From local plumbers to Fortune 500 organizations, every company has a brand. Small and mid-sized businesses may feel like they don’t need a brand, but that’s off-base.
Before we dig in, let’s define a brand: it’s a unique statement about who you are and what you stand for. It’s more than a logo or a slogan and cuts to the core of a business.
When you look at it that way, it’s even more important for a small business to have a strong and purposeful brand. It’s how you differentiate from your competitors and connect to your audience. The more crowded your industry is, the more you need a great brand to stand out.
Think about pizza. There are more than 75,000 pizza joints in the U.S. Many are franchises with national marketing support. Some make incredible pizza, others don’t. Location matters, but that’s not the only factor. You need a brand. Here are the steps to creating one for your small business.
Think back to why you started the business and what you wanted to accomplish. That can help you hone in on your story and what makes your business unique. Don’t do it alone though, talk to your staff, friends, family, vendors and clients to see what they think. Encourage them to be honest, even if it hurts. They’ll tell you what they think about when they think of your company and you can compare that to your competitors to see where you stand. Research is crucial.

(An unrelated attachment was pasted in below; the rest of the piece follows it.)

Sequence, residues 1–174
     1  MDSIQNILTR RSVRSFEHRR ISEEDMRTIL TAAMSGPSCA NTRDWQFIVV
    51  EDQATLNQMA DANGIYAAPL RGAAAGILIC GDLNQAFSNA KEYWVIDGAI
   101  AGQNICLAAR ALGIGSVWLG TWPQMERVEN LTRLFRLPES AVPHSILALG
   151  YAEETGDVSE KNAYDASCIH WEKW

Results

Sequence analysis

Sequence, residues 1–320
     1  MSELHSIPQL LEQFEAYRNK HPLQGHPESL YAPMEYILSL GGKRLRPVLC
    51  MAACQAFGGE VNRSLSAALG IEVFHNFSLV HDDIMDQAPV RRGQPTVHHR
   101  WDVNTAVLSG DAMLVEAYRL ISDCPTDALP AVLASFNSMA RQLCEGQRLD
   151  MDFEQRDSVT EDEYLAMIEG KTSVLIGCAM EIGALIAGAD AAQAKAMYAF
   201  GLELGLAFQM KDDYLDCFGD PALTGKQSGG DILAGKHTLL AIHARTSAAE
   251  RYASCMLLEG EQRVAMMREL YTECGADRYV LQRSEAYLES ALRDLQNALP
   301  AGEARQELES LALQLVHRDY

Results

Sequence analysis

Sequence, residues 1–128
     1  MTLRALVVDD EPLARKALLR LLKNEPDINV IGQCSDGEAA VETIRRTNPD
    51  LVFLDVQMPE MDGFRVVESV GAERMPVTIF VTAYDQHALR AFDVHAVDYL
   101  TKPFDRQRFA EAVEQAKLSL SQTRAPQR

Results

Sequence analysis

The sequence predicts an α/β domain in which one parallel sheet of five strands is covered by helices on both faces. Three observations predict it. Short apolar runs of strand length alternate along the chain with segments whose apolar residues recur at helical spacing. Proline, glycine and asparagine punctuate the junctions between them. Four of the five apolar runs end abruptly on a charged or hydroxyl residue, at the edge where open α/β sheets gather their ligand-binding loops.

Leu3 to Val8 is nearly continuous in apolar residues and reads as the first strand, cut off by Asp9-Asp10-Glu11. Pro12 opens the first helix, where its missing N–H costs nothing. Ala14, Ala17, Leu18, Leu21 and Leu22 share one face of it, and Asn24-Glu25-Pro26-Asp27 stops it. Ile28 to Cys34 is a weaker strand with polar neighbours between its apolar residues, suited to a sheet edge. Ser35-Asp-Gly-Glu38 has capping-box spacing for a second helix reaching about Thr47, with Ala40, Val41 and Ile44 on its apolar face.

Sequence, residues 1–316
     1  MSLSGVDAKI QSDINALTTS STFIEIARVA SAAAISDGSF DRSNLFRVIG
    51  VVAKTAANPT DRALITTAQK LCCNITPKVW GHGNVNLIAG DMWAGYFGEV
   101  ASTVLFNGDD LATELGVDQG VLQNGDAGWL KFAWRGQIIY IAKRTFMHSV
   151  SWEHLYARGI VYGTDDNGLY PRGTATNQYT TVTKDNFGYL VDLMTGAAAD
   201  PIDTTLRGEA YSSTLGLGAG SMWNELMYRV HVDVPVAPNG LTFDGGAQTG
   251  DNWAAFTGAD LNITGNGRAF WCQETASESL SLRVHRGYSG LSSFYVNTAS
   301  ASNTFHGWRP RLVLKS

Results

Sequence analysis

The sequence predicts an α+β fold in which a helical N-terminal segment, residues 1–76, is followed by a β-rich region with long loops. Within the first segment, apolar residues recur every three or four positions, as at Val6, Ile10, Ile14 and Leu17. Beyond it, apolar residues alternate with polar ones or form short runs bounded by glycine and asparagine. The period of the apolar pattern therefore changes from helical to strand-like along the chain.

By now, you probably have a lot on the table. Look for common threads and messages that you keep hearing again and again. Zero in on those ideas that rise to the top and come up with a few words to identify which lane you want to be in. Spend time on this until you have something that is: 1-authentic; 2-unique; and 3-simple. Words matter.
Once you have that word or phrase locked in, audit every touch point your business has – social media, fonts, logos, ads, displays, décor and so on. Are they all telling that brand story? If not, they need to be. Adjust as necessary and make sure everything you do is telling that authentic, unique and simple brand consistently. Frequency is key.
A brand’s number one job is to help you stand out. It’s not easy to perfect, but when you nail it, your business will see the dividends.
If you are having trouble defining or promoting your brand, reach out to me at email@example.com. Especially if you’re a pizza joint, I love a good slice.
Once your small business has its branding defined, get it in front of new customers by optimizing for search.